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I wrote a program which calculates fibonacci numbers. Initially, I couldn't input large numbers because of resource concerns, but now after I have re-written it, it runs at good speeds. However, if I use ints, the numbers turn out negative once I input large numbers. I tried using long, but they wrap around pretty quickly too. If you don't know what I mean, then this code should explain it:

`System.out.println("The 536th fibonacci number: "fib(536));`
`*The 536th fibonacci number: -8757250051716203595*`

Obviously, a negative number makes no sense in this context, so I was wondering how I can make it so it will always work- no wrapping around, no matter what.

EDIT: Problem solved!

import java.math.BigInteger;
public static BigInteger fib(int n)
{
    return fib2h(n,BigInteger.ONE,BigInteger.ONE);
}


public static BigInteger fibh(int n,BigInteger o,BigInteger p)
{
    if(n==1) return o;
    return fib2h(n-1,p,o.add(p));
}
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5 Answers 5

BigInteger would help you achieve what you want.

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You can try BigInteger from java.math.

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you could use java.lang.BigInteger class

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You can try something like following (iterative):

public static BigInteger fib(int n) {
    BigInteger a = BigInteger.ONE;
    BigInteger b = BigInteger.ONE;
    BigInteger c;
    for (int i = 3; i <= n; i++) {
         c = a.add(b);
         a = b;
         b = c;
    }
    return b;
}

See more in http://blog.paulvargas.org/numeros-fibonacci/

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I made it recursive so I don't want an iterative solution... public static long fib(long n) { fibs=new long[(int)n+1]; return fibh(n-2)+fibh(n-1); } public static long fibh(long n) { if(n==1||n==2) return 1; else if(fibs[(int)n]==0) {fibs[(int)n]=fibh(n-2)+fibh(n-1); return fibs[(int)n];} return fibs[(int)n]; } –  faeophyta Sep 18 '12 at 13:13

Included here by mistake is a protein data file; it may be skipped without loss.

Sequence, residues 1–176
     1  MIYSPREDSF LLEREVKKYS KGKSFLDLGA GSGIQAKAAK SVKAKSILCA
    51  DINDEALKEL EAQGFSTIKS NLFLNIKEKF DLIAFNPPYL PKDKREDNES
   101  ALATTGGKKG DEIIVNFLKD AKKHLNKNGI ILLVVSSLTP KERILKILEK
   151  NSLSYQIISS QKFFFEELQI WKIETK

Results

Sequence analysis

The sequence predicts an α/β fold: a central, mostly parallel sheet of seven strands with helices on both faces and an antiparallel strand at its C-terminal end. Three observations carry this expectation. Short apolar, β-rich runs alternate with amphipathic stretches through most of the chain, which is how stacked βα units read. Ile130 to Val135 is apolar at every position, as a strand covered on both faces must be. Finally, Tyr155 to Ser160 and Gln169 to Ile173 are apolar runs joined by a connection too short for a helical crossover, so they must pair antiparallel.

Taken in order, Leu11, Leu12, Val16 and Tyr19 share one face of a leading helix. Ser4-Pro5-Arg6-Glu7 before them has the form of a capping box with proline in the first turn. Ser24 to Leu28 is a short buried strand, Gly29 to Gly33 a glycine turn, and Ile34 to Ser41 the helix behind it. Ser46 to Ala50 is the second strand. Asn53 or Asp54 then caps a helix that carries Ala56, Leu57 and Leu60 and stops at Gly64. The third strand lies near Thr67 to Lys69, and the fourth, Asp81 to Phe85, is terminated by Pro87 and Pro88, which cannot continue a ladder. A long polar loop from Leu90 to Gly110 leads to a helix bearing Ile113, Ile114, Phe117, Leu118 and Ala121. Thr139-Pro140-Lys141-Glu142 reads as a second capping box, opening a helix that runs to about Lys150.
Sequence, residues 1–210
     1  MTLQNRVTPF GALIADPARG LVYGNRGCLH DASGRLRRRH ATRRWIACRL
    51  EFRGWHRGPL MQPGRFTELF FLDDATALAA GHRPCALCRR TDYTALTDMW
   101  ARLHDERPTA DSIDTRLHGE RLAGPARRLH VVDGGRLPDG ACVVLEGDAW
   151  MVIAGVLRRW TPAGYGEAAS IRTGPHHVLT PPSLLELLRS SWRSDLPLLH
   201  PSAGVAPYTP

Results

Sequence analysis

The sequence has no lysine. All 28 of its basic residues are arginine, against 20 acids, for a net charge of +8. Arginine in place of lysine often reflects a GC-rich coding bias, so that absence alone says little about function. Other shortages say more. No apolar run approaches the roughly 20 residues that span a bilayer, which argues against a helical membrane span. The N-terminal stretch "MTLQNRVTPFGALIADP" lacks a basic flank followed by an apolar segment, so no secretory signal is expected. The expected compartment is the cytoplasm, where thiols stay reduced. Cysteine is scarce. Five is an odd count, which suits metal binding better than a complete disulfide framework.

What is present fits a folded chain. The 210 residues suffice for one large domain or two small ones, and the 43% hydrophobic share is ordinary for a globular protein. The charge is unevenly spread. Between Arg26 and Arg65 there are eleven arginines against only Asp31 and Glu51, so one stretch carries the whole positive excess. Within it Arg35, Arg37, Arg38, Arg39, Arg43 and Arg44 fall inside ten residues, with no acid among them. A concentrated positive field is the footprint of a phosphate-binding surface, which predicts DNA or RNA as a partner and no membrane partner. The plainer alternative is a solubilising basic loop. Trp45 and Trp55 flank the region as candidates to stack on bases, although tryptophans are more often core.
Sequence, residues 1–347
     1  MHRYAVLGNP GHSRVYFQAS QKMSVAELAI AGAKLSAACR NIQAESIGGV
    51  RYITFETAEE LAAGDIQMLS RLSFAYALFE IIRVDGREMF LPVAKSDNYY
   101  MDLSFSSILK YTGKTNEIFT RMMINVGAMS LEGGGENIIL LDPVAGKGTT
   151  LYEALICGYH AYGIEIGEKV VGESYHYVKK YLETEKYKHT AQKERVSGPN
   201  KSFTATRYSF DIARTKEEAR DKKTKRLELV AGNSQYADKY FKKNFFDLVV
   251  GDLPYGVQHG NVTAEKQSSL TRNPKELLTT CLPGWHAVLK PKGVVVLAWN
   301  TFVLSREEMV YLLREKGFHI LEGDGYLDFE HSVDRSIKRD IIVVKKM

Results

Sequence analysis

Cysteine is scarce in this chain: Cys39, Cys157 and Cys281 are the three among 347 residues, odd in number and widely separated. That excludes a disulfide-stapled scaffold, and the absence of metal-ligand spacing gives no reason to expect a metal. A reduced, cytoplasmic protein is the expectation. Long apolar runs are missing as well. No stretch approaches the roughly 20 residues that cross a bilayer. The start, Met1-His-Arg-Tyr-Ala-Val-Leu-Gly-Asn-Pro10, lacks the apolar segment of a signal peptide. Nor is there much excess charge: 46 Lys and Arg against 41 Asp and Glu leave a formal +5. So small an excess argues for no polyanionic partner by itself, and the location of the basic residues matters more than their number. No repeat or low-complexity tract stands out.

The recursive solution can be problematic because it generates an explosion of calls, which can consume a lot of memory. If you want that, try this: public static BigInteger f(int n) { if (n == 0) return BigInteger.ZERO; if (n == 1) return BigInteger.ONE; return f(n-1).add(f(n-2)); } –  Paul Vargas Sep 18 '12 at 15:16
    
Paul, I don't have an explosion of calls because I wrote it as pasted below. However, I don't know how to integrate BigInteger into my solution. public static int fib(int n) { return fibh(n,1,1); } public static int fib2h(int n,int o,int p) { if(n==1) return o; return fib2h(n-1,p,o+p); } –  faeophyta Sep 19 '12 at 0:21
up vote 0 down vote accepted

I solved my problem! What I did:

import java.math.BigInteger;
public static BigInteger fib(int n)
{
    return fib2h(n,BigInteger.ONE,BigInteger.ONE);
}


public static BigInteger fibh(int n,BigInteger o,BigInteger p)
{
    if(n==1) return o;
    return fib2h(n-1,p,o.add(p));
}
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